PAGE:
Credit Report Versus Credit Score

Your credit is your financial reputation. Before you can have access to many financial products and services, your credit will be checked. Your credit is a record of the way you have handled your money obligations in the past. TV service providers, cell phone companies, insurers and even employers are interested in the way you have discharged your financial obligations. Lenders aren’t the only people interested in your credit past anymore.

By looking at your past performance with credit, lenders can get an idea of whether or not you are likely to default, landlords can determine how much trouble they will have getting the rent check each month, and insurers can make judgments about how responsible you are likely to be in general. Decision makers may look at your credit report, your credit score, or both. Understanding the relationship between your credit report and your credit score is important if you want to succeed financially.

What is a Credit Report?

Your credit report is a compilation of the credit accounts you have opened in the past. Sometimes it is referred to as your credit history, or your credit file. You actually have more than one credit report, though. Credit reports are compiled by credit reporting agencies. The three main credit reporting agencies are:

1. Equifax
2. TransUnion
3. Experian

When you open a credit account, your creditor reports it, along with the date you opened the account, to at least one of the major credit bureaus. Some employers also report your employment to one (or more) of the credit bureaus. When someone looks at your credit, a record is made, and that is recorded as well.

You should also realize that your payment history is recorded. When you make an on-time payment on your credit card balance, mortgage, or car loan, your credit card issuer reports that to a credit bureau. When you miss a payment, that shows up as well. Non-credit bills are not reported to credit bureaus when you make regular, on-time payments. However, if you miss too many payments, or pay habitually late, a utility company or landlord might decide to report your frequent payment problems to at least one of the credit bureaus. Once that information is included in your credit history, it can affect the way others perceive you going forward.

Other information you will find in your credit report includes your name, aliases, address, previous addresses and Social Security number (you can ask to have only the last four digits displayed). If you wish to make a statement to be included with your credit file, this can be added to your report as well.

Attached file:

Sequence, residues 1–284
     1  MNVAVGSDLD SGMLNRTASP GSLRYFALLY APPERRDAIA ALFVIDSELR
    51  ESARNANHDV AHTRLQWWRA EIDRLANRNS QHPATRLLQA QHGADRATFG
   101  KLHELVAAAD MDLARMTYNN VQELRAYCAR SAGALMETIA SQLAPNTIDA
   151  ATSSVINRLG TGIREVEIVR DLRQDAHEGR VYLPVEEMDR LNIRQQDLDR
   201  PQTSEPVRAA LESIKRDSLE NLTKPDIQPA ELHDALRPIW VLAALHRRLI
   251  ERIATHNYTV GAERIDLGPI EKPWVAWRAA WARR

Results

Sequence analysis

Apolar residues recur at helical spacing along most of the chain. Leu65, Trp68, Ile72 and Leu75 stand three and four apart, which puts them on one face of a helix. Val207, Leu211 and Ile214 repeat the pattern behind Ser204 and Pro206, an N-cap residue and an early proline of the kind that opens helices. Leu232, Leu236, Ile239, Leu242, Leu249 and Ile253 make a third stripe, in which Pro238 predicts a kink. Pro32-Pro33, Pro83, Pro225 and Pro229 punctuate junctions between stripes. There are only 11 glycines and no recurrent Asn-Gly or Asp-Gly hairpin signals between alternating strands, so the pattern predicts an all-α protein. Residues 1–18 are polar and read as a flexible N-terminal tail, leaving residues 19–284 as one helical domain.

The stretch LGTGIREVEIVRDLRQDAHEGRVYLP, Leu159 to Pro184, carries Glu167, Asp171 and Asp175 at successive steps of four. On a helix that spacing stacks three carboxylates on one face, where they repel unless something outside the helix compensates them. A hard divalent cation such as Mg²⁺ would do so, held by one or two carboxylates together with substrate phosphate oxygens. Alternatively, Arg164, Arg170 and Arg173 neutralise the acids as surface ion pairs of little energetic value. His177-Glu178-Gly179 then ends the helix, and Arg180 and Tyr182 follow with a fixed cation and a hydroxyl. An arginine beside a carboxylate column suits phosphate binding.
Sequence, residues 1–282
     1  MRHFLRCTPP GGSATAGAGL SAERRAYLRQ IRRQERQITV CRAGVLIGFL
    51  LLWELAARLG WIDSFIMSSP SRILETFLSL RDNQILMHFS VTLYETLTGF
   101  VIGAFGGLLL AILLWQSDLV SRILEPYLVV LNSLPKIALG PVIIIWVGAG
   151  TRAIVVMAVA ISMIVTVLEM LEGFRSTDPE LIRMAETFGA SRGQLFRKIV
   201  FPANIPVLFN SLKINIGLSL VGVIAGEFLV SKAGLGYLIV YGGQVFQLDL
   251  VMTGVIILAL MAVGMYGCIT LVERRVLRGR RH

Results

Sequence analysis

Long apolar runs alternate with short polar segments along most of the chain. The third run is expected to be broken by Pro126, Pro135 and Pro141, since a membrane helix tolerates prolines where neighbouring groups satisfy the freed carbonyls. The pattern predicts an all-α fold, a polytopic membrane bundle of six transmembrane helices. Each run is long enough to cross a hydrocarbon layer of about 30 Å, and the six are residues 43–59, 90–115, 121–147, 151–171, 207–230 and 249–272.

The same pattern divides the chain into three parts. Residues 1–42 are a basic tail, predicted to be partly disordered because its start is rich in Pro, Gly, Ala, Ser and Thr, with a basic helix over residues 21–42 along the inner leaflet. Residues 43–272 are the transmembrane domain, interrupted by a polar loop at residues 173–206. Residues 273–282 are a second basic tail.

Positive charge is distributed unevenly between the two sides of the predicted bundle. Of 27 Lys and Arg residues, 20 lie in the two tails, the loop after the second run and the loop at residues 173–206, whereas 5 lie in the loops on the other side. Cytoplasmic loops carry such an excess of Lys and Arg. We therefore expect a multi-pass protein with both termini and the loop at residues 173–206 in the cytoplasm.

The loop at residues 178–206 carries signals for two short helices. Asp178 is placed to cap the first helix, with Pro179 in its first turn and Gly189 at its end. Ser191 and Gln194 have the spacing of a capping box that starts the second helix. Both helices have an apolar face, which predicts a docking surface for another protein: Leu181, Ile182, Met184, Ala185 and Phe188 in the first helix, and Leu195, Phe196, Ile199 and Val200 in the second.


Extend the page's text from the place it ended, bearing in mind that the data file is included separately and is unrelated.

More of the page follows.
With all of your past and present credit accounts listed, it is little surprise that financial services providers want a peek at your credit score. All of the accounts you had, and whether they have been closed are listed, along with payment information going back three to five years. It’s fairly detailed, which makes your credit history an important resource for those trying to make decisions about how much of a financial risk you represent.

What is a Credit Score?

Your credit report, with all of its detail, and pages and pages of information, can be somewhat tedious to look through. In order to make it easier for financial services providers to get a quick idea of what kind of financial risk you are likely to be, the information in your credit report is condensed into a single number. This number, known as your credit score, becomes the representation of all the information in your credit report.

There are several different credit scoring models, and they are all based, to some degree, on the information contained in your credit report. The information in your report is assigned a value, which is then plugged into a mathematical formula. The result is your credit score. Different items in your credit report might be weighted differently for the purpose of the score.

FICO Scoring Model: The most widely used credit scoring model is the one developed by the Fair Isaac Company. This credit scoring model provides a scale of 300 to 850. The higher your credit score, the less of a financial risk you are perceived to be. The FICO scoring model relies on five main factors. Although the actual algorithm used in determining your score is a secret, FICO does offer a general overview of what items from your credit report are used:

1. Payment History: This portion includes on-time payments, missed payments and other information. Liens against your assets, as well as bankruptcy and foreclosure, and judgments made against you, are included in this item. How many days delinquent you are, as well as whether or not you are paying on the account as agreed, are part of your payment history. It is the most heavily weighted portion of your credit score, accounting for 35% of your score.
2. Credit Utilization: This is represented by how much of your available credit is being used. If you are close to maxing out most of your credit cards, it is seen as negative. Your credit utilization also includes how much you’ve paid on your installment accounts, and how many of your accounts have balances. Information in a credit report reflecting your credit limit and your available balance is used in this portion of the equation, and accounts for 30% of your credit score.
3. Length of Credit History: Most credit score models, including FICO account for how long you have had your accounts. While the age of your oldest open account is included in the calculations, the “average age” of all of your accounts combined is also part of the equation. This section also includes closed accounts, and who closed them – whether you closed the account or the credit issuer closed the account is part of the calculation. The length of your credit history accounts for 15% of your FICO score.